Monday, April 21, 2008 4/21/2008 11:46:00 AMPosted by Tom, Website Optimizer Blog Team
One of the things we've learned is that to be a successful experimenter, you need to master a few key concepts. These concepts include diagnosing problematic pages (Google Analytics is a good tool for this), coming up with ideas on how to improve these pages, and understanding how to use Website Optimizer to instrument tests. Last but not least, you need to have the discipline to wait for your tests to gather enough data before drawing the right conclusions. Let's break down each one.
Diagnose and Develop Ideas:
Look at a page that gets a lot of users. Does it have a high bounce rate? What's wrong with it? What's stopping people from continuing to dig further into your site? What are they expecting to see? Is it there? What's there that isn't important? If you asked visitors what they expect to see before the page loads, is their answer even close to what you're showing them? Figuring out what's best to test can be as much an art as it is a science, but it may be the difference between a 30% improvement in your page performance versus a test which concludes that the various versions of your page performed about the same.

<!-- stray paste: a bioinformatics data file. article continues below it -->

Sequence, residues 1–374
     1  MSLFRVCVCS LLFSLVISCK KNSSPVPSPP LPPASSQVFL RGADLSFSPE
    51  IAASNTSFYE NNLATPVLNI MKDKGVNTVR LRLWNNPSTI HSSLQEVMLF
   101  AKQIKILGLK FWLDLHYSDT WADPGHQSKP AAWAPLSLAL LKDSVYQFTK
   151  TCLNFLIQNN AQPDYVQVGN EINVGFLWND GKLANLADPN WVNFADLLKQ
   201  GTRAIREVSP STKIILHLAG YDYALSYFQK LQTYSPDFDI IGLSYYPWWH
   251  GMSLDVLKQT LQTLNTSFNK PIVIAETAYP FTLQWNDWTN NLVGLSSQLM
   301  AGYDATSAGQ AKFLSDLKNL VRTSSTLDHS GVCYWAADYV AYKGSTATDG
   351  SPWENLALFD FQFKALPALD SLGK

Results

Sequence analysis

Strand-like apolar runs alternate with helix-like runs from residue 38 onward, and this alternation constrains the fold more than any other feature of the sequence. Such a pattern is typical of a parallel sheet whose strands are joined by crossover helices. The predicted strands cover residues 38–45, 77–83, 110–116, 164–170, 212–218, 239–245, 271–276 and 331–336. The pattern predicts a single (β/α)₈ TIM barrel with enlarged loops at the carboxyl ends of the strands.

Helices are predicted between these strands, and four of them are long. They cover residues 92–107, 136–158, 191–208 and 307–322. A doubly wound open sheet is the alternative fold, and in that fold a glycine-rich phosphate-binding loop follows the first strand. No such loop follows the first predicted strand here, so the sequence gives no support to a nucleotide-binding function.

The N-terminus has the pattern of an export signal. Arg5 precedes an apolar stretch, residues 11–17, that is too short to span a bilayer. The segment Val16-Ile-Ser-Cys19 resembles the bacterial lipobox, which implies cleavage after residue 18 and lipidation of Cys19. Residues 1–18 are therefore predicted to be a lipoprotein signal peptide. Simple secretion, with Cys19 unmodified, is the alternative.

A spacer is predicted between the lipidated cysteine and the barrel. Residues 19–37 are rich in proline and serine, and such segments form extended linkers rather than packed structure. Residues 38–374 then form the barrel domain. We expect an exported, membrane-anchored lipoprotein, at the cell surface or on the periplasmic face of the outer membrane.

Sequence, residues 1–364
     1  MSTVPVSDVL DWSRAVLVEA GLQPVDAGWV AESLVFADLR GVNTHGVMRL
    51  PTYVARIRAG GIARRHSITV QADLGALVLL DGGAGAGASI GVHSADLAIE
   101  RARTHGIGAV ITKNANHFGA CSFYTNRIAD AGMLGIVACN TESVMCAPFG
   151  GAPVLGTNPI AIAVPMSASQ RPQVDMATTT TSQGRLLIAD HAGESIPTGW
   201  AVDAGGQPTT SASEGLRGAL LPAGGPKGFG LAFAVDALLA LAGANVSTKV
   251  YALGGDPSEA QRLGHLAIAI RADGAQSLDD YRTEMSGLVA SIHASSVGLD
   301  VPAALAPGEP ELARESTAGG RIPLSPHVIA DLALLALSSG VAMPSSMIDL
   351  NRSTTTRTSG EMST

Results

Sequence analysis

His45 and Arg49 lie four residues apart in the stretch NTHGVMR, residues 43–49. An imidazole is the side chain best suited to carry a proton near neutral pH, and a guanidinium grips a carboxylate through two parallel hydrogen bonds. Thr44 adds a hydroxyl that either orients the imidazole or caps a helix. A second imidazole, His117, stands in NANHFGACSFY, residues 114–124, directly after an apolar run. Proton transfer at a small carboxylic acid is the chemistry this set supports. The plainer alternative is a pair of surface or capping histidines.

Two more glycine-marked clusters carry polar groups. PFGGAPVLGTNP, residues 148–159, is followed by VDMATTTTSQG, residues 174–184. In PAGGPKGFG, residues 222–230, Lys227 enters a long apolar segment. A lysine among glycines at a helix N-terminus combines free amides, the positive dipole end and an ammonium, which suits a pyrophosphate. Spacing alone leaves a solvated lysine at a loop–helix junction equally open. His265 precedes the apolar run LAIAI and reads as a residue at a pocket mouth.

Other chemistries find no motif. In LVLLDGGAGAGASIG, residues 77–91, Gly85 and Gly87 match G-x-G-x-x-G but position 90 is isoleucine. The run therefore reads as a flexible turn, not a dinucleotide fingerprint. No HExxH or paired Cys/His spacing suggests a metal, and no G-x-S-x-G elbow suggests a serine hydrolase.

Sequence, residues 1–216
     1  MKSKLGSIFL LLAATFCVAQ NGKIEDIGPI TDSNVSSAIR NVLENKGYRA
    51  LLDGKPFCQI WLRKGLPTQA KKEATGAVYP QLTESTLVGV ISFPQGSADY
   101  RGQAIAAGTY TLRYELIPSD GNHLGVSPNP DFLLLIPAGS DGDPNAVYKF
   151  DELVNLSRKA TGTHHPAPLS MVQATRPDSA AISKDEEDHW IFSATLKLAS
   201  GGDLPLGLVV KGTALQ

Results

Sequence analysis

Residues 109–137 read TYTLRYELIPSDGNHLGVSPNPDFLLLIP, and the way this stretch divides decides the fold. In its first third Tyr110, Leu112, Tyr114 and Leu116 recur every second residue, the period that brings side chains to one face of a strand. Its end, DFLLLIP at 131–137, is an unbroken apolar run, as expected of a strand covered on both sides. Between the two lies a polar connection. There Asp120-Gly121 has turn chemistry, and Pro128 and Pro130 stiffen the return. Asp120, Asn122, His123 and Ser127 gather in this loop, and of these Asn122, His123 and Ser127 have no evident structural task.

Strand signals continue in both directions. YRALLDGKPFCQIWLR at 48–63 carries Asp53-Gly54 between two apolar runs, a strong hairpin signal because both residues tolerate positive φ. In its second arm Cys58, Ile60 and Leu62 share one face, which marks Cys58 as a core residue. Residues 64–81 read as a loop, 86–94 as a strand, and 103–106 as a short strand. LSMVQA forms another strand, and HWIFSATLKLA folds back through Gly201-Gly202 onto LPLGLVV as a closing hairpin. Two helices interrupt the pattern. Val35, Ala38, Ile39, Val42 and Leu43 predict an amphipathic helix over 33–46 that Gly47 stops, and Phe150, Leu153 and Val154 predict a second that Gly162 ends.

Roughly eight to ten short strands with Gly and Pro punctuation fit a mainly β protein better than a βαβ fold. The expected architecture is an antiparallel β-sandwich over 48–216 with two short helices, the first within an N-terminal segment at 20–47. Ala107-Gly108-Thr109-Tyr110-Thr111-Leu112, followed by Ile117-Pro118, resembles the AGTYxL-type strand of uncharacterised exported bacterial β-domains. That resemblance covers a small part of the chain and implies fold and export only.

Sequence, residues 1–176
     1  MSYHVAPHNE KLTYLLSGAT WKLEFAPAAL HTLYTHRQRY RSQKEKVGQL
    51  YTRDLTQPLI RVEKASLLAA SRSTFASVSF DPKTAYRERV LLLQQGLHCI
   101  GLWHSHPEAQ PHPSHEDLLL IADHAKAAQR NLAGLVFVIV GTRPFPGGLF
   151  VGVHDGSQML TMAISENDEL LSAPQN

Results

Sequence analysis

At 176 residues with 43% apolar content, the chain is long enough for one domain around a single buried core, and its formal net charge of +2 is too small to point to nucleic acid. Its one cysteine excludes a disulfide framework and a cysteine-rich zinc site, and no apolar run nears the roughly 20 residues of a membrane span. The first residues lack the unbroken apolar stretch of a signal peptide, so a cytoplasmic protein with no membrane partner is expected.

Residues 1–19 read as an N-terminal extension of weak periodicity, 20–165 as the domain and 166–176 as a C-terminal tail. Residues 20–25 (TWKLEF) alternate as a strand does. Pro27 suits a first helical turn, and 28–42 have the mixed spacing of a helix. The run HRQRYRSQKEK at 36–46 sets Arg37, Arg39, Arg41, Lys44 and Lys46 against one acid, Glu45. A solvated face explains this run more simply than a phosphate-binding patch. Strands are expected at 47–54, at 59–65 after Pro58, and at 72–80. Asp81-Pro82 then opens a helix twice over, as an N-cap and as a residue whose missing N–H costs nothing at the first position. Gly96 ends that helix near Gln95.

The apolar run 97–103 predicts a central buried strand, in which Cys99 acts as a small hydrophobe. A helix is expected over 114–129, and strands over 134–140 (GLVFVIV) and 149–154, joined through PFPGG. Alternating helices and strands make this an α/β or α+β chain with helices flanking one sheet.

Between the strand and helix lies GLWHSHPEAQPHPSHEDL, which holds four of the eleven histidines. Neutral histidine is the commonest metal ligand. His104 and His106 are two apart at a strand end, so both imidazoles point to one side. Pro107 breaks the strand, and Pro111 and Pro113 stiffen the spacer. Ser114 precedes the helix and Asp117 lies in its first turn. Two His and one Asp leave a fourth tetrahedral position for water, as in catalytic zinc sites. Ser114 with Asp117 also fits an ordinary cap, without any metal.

Instrument the Test:
All the ideas in the world won't help you if you don't know how to set up the test. We have a bunch of demos and help articles to show you how to do it, but the best way to learn is simply to start using the tool to set up lots of tests. Before you know it, you'll be trying all kinds of advanced experiments. If it's your first one, we'd recommend a simple A/B test where you give Website Optimizer two or more URLs and we split the traffic among them.
Sometimes the hardest part of running a test is not jumping to conclusions. Let the horses run a few laps around the track before declaring a winner. Website Optimizer will tell you the chance to beat your original for each variation. The lower that number is, the more likely the pages are simply not that different. We like to wait a minimum of two weeks and for a 95% 'Chance to beat original' before declaring a solid winner, but it depends on how sure you want to be.
Keep in mind that it's possible your test may never determine a winner or that the winner may even be your original page. This could happen if all your pages perform about the same or your original page is really better than the other ideas you tested. Sometimes those tests are the most valuable since you learn what not to show your visitors.
For ideas on a few top elements to test on any site, check out our recent webinar, 'Website Optimizer, What Should I Test?'.